So I find your economics "penny wise, dollar foolish" (that's being generous considering MyEclipse cost pennies/day) and your "2 birds in the bush" wait 6-9 months to save $30 to be ludicrous and overly protective of a dying Lomboz product and an Omondo project that will have a hard go at $1500 when there are already a gazillion UML products on the market. Plus, if you consider 6 months short term and are willing to suffer inefficiencies for that duration then you are too far away from the guy that signs the checks.
To everyone else if you want to be productive today, next week, and next year then choose MyEclipse and stop wasting time with half-baked, incomplete "products".
MyEclipse Product Manager
It's a sad, sad day when a developer wastes $30 worth of time to author a post that says that the developer can save $30 on a tool that could save their company $30,000.
If it saves you time, it's the cheapest $30 you'll ever spend. Most developers waste that much on lunch or lattes in a week. We have customers that spend hundreds of thousands of dollars on tools from *** (initials removed to protect the guilty) and end up with less usefulness than this.
: Easily share live data across a cluster!
It is extremely unfortunate that many developers miss many of the basic tenets of software engineering by believe that hacking, rolling your own, or experimentation are what make you a good programmer. While continuous learning should never be stifled, it must be controlled when used within a corporate project (unless this type of investigation is within the charter of your project)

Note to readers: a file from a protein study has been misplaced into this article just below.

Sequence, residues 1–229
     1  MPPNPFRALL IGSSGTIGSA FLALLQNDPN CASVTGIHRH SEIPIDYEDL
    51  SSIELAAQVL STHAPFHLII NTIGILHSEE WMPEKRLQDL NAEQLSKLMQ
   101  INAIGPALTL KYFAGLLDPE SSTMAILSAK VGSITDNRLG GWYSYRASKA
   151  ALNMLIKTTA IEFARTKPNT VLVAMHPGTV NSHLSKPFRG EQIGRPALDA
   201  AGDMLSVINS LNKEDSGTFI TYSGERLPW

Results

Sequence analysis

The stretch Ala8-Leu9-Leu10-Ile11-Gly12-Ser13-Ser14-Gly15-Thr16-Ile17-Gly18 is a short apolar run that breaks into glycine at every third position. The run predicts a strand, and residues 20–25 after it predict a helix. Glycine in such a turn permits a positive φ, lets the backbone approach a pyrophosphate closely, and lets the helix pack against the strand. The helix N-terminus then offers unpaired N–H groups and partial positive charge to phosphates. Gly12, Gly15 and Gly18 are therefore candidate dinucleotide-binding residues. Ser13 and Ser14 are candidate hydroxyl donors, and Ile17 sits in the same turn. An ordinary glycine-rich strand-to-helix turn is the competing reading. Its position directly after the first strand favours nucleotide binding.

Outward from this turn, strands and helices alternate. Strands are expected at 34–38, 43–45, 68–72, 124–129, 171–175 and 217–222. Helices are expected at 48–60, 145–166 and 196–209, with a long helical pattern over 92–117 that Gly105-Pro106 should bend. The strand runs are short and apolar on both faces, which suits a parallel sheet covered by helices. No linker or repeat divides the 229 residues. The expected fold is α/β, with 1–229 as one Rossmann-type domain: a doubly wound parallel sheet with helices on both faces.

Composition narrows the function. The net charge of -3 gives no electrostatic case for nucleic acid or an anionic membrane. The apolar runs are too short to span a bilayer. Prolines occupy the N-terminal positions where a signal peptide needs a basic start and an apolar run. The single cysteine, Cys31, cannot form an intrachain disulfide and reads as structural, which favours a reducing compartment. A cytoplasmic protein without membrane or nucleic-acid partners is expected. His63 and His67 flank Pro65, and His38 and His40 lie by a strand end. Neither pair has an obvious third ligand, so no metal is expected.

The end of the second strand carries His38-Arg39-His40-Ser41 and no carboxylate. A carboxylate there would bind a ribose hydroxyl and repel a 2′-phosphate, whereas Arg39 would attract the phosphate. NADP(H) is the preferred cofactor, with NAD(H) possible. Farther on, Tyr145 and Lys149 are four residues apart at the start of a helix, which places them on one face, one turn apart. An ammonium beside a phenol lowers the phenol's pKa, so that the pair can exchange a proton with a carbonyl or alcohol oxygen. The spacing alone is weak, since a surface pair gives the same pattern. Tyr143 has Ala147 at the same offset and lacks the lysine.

. Within the business, we have the responsibility of producing the highest quality products that are many times based upon leading edge technologies in the least amount of time.
As Wayne stated, you will not be able to understand your businesses true objectives if you too far away from the guy that signs the checks
. Viable software development companies are not just trying to produce software that is neat. We produce software for our end users and the business to gain value from our products. Furthermore, for many businesses, especially software companies, our products are the life blood of our business. Software companies cannot afford on the job tinkering with development environments that will increase the time to market for their product.
One lesson that we in the Java community should learn from Microsoft
is that because of the quality and tight integration of their tools, quality MS engineers are able to move more quickly than the equivalent J2EE engineer. This speed does not have too much to do with the languages, but more with the IDE environments. My hope is that with initiative such as MyEclipse, that the J2EE community can gain velocity in producing quality J2EE applications.